An essential aid for the serious Koi keeper, that empowers the user to positively identify the pathogens causing an external disease. Effective microscopes are available from just over 100 right through to over 1,000. Fresh samples of mucus for viewing under a microscope can be collected from suspect koi using a glass microscope slide, pulling it gently along the dorsal flank of a koi in a backwards direction. The mucus can then be ‘squashed’ under a wet cover slip, and viewed under low power magnification.
The typical ‘light microscope’ will have a light source beneath the slide shining up and through the two lenses of the microscope. The two lenses are the eye piece (typically x10 magnification) and the objective lens, (closest to the slide and ranging from x2.5 to x100). Therefore the compound magnification of the microscope will range from 25-1000x.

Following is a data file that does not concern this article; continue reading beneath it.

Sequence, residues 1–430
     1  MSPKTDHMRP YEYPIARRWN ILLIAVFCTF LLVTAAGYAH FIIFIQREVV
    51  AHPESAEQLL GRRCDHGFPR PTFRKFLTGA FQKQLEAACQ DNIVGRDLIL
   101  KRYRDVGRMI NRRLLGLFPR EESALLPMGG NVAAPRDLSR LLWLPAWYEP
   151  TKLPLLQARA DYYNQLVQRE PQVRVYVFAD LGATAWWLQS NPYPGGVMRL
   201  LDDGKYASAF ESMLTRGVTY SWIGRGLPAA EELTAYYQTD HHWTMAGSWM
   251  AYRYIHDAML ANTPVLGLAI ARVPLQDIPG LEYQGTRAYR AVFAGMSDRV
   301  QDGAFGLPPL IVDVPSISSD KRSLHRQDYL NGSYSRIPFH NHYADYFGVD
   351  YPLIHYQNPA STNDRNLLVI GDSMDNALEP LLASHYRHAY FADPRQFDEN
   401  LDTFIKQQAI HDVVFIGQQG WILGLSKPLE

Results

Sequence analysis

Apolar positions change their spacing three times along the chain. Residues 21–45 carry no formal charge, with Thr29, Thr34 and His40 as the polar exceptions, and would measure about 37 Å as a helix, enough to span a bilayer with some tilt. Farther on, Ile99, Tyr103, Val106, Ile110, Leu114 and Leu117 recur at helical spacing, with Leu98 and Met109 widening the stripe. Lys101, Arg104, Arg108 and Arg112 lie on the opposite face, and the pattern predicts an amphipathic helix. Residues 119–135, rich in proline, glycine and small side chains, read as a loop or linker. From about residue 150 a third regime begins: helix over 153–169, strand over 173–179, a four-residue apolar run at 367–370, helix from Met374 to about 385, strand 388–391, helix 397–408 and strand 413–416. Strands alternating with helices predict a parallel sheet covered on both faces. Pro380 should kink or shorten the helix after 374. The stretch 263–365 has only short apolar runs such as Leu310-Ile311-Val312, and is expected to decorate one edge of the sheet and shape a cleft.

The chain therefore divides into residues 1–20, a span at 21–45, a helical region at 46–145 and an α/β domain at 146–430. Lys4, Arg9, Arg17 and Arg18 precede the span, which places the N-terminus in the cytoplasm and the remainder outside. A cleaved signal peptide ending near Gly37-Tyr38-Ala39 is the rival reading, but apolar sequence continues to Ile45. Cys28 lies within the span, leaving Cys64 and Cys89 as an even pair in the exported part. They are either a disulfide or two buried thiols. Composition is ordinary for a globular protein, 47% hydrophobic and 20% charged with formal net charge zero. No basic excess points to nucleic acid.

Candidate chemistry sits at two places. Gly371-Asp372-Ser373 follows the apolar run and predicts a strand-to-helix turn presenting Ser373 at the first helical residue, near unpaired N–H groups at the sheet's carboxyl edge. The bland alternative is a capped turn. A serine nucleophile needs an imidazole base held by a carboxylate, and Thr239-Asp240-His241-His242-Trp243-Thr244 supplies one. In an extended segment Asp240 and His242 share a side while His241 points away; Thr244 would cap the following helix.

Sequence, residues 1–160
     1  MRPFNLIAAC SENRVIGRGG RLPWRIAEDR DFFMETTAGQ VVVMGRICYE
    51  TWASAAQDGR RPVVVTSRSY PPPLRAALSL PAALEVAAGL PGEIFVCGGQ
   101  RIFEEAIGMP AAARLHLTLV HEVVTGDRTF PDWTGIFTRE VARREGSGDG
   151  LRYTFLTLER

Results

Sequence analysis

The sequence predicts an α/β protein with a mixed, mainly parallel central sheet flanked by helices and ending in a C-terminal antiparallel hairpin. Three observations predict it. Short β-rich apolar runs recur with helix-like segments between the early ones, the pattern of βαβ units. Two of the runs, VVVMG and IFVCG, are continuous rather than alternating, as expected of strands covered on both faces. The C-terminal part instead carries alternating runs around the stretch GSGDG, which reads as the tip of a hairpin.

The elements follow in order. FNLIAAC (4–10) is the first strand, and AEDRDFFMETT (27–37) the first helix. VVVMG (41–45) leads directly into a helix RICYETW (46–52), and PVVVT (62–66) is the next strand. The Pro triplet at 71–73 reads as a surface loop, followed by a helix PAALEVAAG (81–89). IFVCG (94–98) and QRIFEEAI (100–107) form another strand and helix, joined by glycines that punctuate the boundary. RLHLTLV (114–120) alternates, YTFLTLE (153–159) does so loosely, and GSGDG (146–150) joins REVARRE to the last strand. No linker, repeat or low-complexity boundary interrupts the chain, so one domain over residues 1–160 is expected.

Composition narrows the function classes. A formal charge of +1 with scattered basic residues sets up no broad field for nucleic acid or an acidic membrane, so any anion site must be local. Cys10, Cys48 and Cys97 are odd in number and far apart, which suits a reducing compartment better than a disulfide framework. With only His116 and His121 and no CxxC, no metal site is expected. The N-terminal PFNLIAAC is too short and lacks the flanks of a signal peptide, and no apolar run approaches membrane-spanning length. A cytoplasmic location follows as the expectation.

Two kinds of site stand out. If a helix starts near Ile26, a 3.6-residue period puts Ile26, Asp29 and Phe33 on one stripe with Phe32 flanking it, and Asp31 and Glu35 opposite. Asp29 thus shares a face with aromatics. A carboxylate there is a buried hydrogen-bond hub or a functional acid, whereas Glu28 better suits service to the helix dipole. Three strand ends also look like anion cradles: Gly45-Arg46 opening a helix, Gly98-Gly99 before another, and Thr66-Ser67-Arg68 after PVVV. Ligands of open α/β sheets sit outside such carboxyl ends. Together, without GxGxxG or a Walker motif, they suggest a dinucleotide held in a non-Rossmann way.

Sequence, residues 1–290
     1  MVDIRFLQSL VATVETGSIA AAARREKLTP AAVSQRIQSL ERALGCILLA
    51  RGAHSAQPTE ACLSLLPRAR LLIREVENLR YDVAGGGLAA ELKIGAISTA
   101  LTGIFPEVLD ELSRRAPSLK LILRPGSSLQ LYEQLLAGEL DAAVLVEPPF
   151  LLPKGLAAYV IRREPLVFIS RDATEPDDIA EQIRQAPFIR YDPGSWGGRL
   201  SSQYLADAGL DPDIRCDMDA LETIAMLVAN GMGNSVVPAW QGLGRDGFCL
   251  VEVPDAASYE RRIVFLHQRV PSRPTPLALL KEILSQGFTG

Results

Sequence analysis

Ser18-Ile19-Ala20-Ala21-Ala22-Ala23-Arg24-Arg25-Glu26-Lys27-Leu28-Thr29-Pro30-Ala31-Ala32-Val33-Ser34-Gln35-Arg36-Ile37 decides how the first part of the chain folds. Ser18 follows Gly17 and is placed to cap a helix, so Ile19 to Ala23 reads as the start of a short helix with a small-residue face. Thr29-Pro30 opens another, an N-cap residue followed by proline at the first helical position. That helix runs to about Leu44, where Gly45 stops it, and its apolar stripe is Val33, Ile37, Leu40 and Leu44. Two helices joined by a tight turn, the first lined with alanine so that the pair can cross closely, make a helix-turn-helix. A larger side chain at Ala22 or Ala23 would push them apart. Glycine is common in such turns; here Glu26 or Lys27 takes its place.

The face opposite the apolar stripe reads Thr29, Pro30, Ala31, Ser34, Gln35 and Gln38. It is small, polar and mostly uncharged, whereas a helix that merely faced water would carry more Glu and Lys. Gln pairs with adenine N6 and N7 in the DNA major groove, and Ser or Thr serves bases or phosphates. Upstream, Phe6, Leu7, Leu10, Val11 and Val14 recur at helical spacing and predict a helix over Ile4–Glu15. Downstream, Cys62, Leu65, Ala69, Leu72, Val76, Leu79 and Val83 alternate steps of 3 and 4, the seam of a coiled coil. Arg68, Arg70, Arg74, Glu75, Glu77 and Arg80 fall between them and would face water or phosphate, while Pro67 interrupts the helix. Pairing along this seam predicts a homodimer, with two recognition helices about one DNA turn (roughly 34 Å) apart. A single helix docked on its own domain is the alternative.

The mucus sample should be viewed at the lowest magnification first to make focussing easy, and then viewed if necessary under progressively more powerful objective lens. Amongst the random textured mass of a mucus sample, offending parasites can easily be viewed as those well-formed, regularly shaped and moving objects. These can then be easily identified using an appropriate guide on disease organisms.
A positive identification allows the accurate diagnosis and administering of medication.
from whatever source, will contain a mix of dissolved inorganic materials. Minerals are an essential requirement for the health, well being, and in some instances, colouration of koi.
Hard water contains relatively high levels of dissolved minerals, such as calcium and magnesium, which can interact with other dissolved substances to form other compounds. (This is why, after treating a pond with malachite green, that the dye will remain visible for longer in ponds containing softer water).
Fish have an advantage over ourselves, in that they can gain their mineral requirements from both their diet as well as their environment.